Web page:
• Greenhouse
  • Vegetable patch
  • Barbeque
  • Garden statues/ornaments
  • What are the most popular uses for garden rooms?

    graphic

    Adding a garden room to your outdoor space is one of the most popular outdoor home improvements. According to our survey every one in eight people (12%) have a garden room.

    Our research found that garden offices are hugely popular amongst those with garden rooms, with every one in three people (32%) saying they use their garden room as an office.

    Interestingly, more than half (54%) of people use their garden room for running their business, including home offices, beauty studios and personal training space. This comes as no surprise since most people have taken up a side hustle during lockdown.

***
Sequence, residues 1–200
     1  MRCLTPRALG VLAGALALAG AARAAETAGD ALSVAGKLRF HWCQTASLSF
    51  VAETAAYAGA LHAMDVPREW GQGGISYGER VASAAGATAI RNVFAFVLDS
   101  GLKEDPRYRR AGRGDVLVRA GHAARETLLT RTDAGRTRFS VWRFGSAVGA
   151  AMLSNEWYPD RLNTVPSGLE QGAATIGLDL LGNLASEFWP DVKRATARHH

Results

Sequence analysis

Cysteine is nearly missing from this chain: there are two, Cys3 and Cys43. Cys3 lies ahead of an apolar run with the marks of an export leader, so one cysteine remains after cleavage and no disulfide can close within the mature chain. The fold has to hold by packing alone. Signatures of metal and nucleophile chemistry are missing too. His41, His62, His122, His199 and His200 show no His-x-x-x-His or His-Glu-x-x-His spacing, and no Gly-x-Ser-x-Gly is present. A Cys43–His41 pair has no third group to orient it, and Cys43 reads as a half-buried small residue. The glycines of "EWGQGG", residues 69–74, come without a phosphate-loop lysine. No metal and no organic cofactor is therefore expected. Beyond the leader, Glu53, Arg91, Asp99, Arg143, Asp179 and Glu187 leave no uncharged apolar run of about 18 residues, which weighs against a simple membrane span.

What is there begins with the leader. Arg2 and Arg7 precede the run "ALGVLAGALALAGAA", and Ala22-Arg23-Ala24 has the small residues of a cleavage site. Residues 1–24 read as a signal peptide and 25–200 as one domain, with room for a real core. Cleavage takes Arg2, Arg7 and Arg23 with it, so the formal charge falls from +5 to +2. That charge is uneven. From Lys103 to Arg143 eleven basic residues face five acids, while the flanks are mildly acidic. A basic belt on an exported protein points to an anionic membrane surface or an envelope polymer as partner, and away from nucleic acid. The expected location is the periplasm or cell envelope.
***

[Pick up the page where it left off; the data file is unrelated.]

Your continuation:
See below for a full breakdown of the data:

    The top 10 things people use their garden room for:

  • Office
  • Playhouse/ playroom
  • Guest house
  • Man-cave/ She-shed
  • Music room
  • Bar
  • Yoga room
  • Cinema room
  • Beauty studio
  • Pool house
  • Luke Dejahang, comments: “We have found that garden offices are one of the most popular uses of our garden rooms and can be extremely beneficial for both financial and lifestyle reasons. We’ve seen sales of garden offices rise by 40% over the last year, and especially after the first lockdown, when we saw 65% increase in sales.”

    Does age matter when it comes to garden rooms?

    Our research found that the younger generations (25-34) seem to favour playhouses as the purpose of their gardens, with almost 2 in 5 (37%) saying this. However, those aged between 35 and 44 mostly use their garden room for an office, at 39%.